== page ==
16th December 2020
I am writing today to promote Winter Carols on the Doorstep!
It starts tonight at 6pm. Have a look, enjoy the singing and raise some money for charity.
During a previous blog post I looked at Music and dyslexia. You can see this and all my previous posts on my home page at https://wordsandme.blog/
Prof Goswami (a Neuroscientist from Cambridge University) is of the opinion that:
“Children who are dyslexic struggle with speech rhythm. All kinds of rhythmic experience can be helpful, nursery rhymes, dancing and music as long as the beat is matched to language.”
Goswami feels that the (dyslexic) brain needs more training in this area. Always a bonus to start singing those nursery rhymes to your baby!
A study by Elisabeth Demont in 2003 showed some indications that children can use some ‘implicit’ learning in rhyme but needed more ‘explicit’ learning at small unit phoneme level. She suggested:
“An educational implication is that dyslexics maybe better able to benefit from instruction about larger units like rhyme”
Speech sounds in the history of language came first. The letters to represent those sounds followed on later. On average, speech comes naturally to us (but not all of us). We make sounds as babies and as we are immersed in language our speech development grows implicitly. We are not born with the ability to read , this is developed when connections are made in the brain.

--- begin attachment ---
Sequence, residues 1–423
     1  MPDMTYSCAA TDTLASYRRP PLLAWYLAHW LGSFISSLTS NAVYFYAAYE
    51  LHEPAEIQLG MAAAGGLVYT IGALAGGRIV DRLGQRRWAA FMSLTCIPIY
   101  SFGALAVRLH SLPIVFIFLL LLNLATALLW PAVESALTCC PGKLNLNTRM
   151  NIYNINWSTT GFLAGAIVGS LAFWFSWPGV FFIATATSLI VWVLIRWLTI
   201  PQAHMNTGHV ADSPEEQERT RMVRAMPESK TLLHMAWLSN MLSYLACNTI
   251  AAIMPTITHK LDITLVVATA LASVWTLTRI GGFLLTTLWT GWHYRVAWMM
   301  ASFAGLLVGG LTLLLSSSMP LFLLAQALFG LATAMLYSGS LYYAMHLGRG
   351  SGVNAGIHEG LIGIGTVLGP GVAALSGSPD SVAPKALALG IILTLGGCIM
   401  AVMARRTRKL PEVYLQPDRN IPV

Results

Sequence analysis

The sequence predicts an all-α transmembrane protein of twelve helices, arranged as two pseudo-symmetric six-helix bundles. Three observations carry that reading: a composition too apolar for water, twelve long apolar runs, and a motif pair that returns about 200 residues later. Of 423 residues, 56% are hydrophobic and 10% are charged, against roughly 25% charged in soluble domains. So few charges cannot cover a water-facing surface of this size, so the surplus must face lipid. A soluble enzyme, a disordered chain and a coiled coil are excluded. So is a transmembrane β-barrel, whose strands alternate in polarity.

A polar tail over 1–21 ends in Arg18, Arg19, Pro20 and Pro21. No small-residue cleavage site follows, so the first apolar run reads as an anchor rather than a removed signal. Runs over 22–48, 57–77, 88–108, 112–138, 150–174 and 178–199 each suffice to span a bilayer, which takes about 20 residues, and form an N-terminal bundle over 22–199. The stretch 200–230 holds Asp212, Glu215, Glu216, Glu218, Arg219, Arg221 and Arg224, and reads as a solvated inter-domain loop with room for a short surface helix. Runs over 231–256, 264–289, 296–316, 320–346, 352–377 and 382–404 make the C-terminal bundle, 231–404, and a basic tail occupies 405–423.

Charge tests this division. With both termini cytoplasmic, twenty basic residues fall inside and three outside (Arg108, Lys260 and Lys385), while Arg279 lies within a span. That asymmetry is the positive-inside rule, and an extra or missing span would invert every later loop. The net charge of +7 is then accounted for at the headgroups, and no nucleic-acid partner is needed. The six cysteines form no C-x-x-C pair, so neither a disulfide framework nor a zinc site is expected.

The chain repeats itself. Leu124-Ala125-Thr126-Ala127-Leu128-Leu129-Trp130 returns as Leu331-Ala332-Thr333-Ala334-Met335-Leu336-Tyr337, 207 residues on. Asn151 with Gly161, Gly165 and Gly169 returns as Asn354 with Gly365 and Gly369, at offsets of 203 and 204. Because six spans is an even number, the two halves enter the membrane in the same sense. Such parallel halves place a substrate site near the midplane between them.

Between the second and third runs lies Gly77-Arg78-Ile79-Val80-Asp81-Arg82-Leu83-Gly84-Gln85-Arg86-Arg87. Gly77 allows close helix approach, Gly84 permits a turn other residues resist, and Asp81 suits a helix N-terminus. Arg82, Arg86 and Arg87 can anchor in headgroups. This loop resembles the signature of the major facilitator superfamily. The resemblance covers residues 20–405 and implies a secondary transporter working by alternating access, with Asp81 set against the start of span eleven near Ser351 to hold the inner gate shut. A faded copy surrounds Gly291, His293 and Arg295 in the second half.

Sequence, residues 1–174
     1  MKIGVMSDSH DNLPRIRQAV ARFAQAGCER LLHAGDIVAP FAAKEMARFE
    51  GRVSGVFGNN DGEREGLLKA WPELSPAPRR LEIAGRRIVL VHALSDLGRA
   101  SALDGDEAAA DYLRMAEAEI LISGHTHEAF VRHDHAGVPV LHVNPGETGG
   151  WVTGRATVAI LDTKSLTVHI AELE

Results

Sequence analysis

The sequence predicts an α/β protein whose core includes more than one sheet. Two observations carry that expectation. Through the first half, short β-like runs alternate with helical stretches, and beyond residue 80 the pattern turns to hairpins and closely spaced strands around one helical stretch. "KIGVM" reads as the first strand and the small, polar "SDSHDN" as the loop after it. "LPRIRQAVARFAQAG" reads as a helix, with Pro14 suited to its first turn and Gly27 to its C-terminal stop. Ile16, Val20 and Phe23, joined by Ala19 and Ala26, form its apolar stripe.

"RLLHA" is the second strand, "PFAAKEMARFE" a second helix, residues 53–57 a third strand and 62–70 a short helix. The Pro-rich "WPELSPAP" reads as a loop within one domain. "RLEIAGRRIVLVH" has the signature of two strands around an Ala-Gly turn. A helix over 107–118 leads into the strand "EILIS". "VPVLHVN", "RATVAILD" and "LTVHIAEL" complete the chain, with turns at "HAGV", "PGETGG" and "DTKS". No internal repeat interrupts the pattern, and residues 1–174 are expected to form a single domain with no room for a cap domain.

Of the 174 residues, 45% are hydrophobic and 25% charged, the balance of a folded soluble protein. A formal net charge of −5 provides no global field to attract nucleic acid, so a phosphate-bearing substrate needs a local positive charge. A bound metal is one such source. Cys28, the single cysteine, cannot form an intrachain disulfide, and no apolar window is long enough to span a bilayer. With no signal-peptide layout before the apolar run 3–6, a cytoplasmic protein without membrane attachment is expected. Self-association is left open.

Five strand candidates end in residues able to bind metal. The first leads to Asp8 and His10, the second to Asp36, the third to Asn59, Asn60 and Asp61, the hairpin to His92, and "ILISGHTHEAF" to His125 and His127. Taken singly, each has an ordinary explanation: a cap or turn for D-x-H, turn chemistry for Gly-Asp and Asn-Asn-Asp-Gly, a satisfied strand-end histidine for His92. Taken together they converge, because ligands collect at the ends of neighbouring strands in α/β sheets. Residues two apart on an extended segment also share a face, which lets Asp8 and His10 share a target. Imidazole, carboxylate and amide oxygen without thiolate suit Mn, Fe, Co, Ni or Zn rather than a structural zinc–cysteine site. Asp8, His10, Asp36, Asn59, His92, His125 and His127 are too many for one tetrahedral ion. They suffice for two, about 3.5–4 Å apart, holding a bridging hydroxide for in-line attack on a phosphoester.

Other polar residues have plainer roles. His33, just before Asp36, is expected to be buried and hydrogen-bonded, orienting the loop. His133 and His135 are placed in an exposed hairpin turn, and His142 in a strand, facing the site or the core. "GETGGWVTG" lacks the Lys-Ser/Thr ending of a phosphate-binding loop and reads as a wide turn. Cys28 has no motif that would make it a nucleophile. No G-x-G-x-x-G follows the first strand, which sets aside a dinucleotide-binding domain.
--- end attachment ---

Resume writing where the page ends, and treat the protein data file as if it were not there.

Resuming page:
There has been numerous debates as to which is best in the tuition of reading, implicit or explicit? Can you learn to read by principally being exposed to print and the language structure? Or does it require a more detailed approach of explicitly teaching from the smallest phonic level upwards? It is now generally recognised that explicit, systematic phonic learning is beneficial.
I have previously written about Phonological Awareness, put simply it is a child’s first introduction into language before the written symbols. Listening to the sounds and being able to manipulate them in your mind. This can be seen as an auditory skill. People with dyslexia often have difficulty with phonological skills which maybe due to auditory processing issues. I would always note here though, that a hearing test to discount any hearing defects would be beneficial.
As Goswami suggests, Musical activities may help to develop skills required for phonological awareness, such as rhyme.
If you are interested in researching more into the possible benefits and activities to use music to promote literacy, maybe have a look at this book…
Within the phonological awareness umbrella you will see the area of ‘onset and rime’. Onset is the consonant or consonant blend at the beginning of a word/syllable that precedes the first vowel. Not all words have onsets. You can see some onset and rime activities here..
It is very important to be aware of ‘vowels’ and their sounds. The English language is very complex, there are numerous ‘exceptions to the rules’ and irregular words. To be looked at in more detail on another day. But when you think of the history of the English language you probably wouldn’t be surprised at the complications. For example we have the Normans to thank for the word ‘son’. Apparently, as words with ‘u’ and ‘n’ were difficult to read as similar looking they changed the ‘u’ to a ‘o’!